Some voters turned away from polls based on city, town limits

Some voters turned away from polls based on city, town limits
Polling places in four Berkeley County precincts have temporarily changed. (Source: Live 5)
Despite where their mailing addresses say they live, some voters were turned away from their polling places Tuesday or prevented from voting in certain races.
In North Charleston, for example, residents with a mailing address listing North Charleston but who live outside the actual city limits of North Charleston would not be permitted to vote in the city's mayoral race.
"Technically, it's called 'living in the doughnut hole,'" North Charleston Municipal Clerk Ellen Clark said. "A mailing address does not indicate that you are a registered voter within that area."
Clark said some voters could have a North Charleston mailing address but may actually be registered voters in Hanahan. 
Voters in other municipalities like Charleston, Summerville and Moncks Corner could face the same problem. 
"If I have an address that has Summerville or North Charleston, it's easy to assume that I live in the town limits or the city limits of that municipality, but that's not always the case,” Joshua Dickard said. Dickard serves as executive director of Dorchester elections and voter registration.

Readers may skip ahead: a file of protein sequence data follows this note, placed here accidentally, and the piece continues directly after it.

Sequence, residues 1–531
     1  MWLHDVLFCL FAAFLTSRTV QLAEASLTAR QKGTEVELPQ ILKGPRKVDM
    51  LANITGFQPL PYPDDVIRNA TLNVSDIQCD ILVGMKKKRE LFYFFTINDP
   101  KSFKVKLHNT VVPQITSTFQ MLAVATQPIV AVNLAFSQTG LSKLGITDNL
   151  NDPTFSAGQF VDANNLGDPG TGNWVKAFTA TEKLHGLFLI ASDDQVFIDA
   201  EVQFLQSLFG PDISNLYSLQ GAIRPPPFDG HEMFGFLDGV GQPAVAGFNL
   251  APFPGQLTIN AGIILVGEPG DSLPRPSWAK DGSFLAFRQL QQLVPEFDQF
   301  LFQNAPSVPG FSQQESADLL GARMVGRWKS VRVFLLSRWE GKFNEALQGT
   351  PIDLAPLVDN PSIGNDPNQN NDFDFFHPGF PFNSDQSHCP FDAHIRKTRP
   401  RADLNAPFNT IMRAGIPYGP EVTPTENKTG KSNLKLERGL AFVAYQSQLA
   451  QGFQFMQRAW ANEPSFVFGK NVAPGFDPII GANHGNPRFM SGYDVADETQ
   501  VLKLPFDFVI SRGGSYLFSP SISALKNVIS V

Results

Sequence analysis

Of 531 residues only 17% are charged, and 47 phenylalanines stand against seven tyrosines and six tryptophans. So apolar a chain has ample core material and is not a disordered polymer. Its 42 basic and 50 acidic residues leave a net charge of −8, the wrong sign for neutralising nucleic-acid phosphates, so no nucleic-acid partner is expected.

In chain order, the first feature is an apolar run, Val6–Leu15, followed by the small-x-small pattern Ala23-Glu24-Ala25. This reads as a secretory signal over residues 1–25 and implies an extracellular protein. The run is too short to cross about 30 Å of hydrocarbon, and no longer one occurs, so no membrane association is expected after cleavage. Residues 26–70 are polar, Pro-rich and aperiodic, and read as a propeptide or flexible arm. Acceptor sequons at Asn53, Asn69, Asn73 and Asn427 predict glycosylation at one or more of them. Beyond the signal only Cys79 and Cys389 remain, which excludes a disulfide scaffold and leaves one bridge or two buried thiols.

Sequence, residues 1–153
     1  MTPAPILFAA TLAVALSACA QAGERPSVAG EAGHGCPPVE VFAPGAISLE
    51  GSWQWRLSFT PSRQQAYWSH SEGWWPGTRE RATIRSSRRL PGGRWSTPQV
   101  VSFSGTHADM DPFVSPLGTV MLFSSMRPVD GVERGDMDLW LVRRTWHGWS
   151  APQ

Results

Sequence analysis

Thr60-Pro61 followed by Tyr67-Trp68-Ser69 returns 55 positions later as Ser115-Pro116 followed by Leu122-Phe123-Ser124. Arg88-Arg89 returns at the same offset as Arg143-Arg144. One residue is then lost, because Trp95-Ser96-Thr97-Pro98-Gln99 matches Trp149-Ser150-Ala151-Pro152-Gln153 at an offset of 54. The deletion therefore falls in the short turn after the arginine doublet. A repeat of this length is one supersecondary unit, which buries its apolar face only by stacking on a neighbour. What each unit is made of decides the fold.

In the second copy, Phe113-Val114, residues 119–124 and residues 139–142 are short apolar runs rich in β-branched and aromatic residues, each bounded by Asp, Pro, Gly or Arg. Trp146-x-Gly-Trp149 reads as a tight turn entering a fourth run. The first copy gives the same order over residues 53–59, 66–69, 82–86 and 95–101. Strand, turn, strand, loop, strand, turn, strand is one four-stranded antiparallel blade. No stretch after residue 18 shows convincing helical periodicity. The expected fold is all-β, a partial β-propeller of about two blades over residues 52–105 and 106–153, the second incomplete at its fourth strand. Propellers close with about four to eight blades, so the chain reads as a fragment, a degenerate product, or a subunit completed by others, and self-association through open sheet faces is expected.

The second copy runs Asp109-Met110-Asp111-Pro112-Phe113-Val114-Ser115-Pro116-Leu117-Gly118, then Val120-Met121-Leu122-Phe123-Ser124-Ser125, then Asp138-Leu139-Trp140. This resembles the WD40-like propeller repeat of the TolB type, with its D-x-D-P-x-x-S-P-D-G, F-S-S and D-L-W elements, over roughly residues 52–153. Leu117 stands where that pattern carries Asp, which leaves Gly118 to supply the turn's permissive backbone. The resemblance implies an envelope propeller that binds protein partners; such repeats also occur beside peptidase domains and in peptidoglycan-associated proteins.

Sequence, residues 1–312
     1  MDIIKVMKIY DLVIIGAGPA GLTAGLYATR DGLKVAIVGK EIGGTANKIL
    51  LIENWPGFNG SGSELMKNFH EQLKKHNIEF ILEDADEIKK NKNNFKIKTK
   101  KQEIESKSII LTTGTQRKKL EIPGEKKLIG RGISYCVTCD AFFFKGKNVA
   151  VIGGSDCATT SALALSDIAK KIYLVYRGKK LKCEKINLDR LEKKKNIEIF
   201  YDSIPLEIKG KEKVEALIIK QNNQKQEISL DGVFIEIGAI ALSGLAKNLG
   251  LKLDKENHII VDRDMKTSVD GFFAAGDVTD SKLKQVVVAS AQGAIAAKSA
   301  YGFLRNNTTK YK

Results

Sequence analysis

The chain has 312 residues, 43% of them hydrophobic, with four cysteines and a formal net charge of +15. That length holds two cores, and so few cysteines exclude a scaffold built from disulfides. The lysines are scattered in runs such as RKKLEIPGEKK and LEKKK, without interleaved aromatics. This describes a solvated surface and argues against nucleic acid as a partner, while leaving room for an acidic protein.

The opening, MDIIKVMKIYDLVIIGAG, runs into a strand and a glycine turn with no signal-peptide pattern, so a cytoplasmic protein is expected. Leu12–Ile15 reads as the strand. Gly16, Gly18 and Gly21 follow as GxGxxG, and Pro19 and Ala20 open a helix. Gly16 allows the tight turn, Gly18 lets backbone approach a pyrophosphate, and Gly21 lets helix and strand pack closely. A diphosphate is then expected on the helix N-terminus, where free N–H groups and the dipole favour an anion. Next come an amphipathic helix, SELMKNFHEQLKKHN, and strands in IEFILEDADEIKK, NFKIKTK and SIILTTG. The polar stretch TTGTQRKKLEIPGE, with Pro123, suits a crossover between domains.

“One of the first questions I ask is who does your trash,” Dickard said. “A lady called this morning who looked outside, saw her trashcan wasn't from the town of Summerville and quickly realized she was not in the town."
Summerville resident Richard Page said he was turned away because he lives in an area unincorporated by the town.
“I’m a little bit disappointed,” Page said. “I’m glad I could save my wife the trip, but it’s a little confusing to say the least.”
Summerville resident Gregg Rankin also didn't realize his county residence status would prevent him from casting a vote. "I wish we could vote for the mayor,” Rankin said. “We have our pick, and it's unfortunate we can't choose who we want in that office."
They may also be turned away from a polling place if they cannot provide proper ID, or they could be referred to a different location if the show up at the wrong precinct.
Clark said voters should check their voter registration card to determine when and where they vote.
They can also go to to find out the location of their polling place is, since some locations change over time, but to get driving directions and view a sample ballot that would display the races in which they are eligible to vote. 

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